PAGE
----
• 19. Gender-related Challenges at African Tertiary Institutions Typical gender-related challenges include: • The near-exclusion of women, poor students and minorities in ICT education and development • Reluctance of men to participate in gender education and activities • Poor development of science/ICT education for girls, women and the poor in Africa
  • 20. Gender-related Challenges at African Tertiary Institutions .../2 • Very few women heading and managing HEI • Notable absence of women as students and as teachers in scientific and technological areas – Shortage of role models • Lack of recognition of gender dimensions of development within science and technology fields
  • 21. Gender and ICT Support Programs for Faculty and Students • Need to improve the gender climate in institutions of higher learning – Contributes to teaching & learning being relevant, useful and democratic • Strategies – Train and support staff and students • understand gender issues and their relevance to academic and vocational life in the institutions of higher learning – Increase the interest, understanding and appreciation of the relationship between gender, science, technology and development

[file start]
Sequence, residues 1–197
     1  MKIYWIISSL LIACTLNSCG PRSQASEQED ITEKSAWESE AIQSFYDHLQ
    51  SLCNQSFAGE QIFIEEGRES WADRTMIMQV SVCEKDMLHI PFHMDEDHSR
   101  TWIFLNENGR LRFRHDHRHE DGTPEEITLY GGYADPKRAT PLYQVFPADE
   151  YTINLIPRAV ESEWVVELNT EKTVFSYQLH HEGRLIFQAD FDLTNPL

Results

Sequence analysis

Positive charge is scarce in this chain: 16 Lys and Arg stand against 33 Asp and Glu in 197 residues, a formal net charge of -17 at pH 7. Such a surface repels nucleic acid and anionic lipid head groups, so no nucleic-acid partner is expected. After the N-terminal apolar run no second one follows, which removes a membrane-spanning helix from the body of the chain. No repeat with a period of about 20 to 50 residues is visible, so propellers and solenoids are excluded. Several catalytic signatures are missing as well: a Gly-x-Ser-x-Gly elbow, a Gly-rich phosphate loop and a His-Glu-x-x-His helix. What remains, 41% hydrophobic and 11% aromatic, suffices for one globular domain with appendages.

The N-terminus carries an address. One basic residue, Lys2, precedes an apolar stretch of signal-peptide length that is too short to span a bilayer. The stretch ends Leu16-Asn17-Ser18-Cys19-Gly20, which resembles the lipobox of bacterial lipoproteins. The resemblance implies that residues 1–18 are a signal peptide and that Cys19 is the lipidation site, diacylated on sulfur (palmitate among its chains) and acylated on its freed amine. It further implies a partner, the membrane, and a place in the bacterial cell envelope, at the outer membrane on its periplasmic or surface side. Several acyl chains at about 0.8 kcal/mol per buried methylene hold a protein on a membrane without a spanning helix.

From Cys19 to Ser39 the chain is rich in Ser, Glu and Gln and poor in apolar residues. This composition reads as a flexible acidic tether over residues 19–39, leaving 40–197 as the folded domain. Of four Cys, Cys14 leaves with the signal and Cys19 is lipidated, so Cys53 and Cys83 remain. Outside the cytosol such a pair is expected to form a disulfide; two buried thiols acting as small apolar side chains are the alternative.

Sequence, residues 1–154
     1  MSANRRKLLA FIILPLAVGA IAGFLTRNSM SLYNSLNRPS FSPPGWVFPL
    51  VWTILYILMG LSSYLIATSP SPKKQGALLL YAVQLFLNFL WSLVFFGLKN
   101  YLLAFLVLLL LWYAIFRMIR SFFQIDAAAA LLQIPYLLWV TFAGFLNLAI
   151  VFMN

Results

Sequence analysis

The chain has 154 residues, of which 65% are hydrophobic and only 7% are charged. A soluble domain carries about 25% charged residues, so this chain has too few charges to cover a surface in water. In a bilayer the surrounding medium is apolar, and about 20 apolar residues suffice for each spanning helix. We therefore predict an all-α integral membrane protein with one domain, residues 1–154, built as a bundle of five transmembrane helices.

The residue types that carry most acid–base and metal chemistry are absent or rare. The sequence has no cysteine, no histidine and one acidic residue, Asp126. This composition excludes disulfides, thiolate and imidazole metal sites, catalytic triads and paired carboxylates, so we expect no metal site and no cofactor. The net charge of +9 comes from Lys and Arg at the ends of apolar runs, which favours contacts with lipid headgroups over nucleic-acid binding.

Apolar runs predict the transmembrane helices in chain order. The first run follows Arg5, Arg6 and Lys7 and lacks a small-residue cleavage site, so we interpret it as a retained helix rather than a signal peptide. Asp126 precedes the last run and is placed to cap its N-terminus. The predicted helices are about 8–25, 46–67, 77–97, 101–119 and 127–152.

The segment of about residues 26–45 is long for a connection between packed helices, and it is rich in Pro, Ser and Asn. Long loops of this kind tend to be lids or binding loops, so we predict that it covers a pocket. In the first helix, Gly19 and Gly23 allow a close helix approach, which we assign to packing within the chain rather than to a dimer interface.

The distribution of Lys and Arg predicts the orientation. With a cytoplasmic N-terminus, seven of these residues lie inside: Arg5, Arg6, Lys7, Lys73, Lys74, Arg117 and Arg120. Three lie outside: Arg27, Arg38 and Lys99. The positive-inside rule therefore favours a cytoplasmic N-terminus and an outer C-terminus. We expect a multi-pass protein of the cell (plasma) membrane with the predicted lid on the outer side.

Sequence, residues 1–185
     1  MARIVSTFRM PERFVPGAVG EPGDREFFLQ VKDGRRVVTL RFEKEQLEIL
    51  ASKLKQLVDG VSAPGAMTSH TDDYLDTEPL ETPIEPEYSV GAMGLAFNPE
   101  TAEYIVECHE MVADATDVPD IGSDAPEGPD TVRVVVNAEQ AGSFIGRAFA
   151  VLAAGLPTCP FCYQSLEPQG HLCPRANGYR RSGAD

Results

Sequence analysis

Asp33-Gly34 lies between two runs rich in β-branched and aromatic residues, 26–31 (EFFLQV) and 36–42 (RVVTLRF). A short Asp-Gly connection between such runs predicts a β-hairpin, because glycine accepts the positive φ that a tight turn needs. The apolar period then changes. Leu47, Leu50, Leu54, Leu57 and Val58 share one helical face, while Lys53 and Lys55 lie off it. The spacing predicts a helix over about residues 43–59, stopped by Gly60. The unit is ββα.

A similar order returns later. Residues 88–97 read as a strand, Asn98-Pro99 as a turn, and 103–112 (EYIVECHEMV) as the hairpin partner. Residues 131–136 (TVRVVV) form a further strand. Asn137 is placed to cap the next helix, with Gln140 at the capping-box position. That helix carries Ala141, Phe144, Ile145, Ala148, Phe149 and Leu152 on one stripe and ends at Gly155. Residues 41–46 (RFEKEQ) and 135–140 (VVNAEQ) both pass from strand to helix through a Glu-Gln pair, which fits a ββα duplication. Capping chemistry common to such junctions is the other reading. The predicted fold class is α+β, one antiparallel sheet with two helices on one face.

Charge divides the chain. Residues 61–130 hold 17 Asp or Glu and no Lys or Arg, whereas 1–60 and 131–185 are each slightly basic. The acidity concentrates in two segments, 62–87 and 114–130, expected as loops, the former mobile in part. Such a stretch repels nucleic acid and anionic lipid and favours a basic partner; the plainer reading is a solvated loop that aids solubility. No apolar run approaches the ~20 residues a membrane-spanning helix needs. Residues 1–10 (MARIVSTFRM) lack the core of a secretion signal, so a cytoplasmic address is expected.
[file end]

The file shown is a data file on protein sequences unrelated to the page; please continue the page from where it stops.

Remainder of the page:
• 22. Gender and ICT Support Programs for Faculty and Students …/2 • Leadership of HEIs should recognize and legitimize gender issues and their relevance to resolving development challenges • Establish a gender policy to synchronize programs and activities for gender mainstreaming • Conduct a gender audit on teaching, research and community service at the institution – A gender audit should assess the situations of women relative to those of men. It may focus on the gender gaps in enrolment, retention and achievement. It may also focus on staffing of academics, management and administrative posts by men and women.
  • 23. Gender Evaluation Methodology (GEM) is a well known tool in the field of Gender and ICTs Developed by Association for Progressive Communications (APC) Available online – http://www.genderevaluation.net
  • 24. Concluding Remarks Gender is a key issue in development – Gender is a social construction that varies with time The use of ICT is a key strategy in HEI – Need to bridge the gender gap in ICT4Education
  • 25. Let’s work together to fill up the chairs! Thank You For Your Kind Attention
  • 26. Template Provided By www.animationfactory.com 500,000 Downloadable PowerPoint Templates, Animated Clip Art, Backgrounds and Videos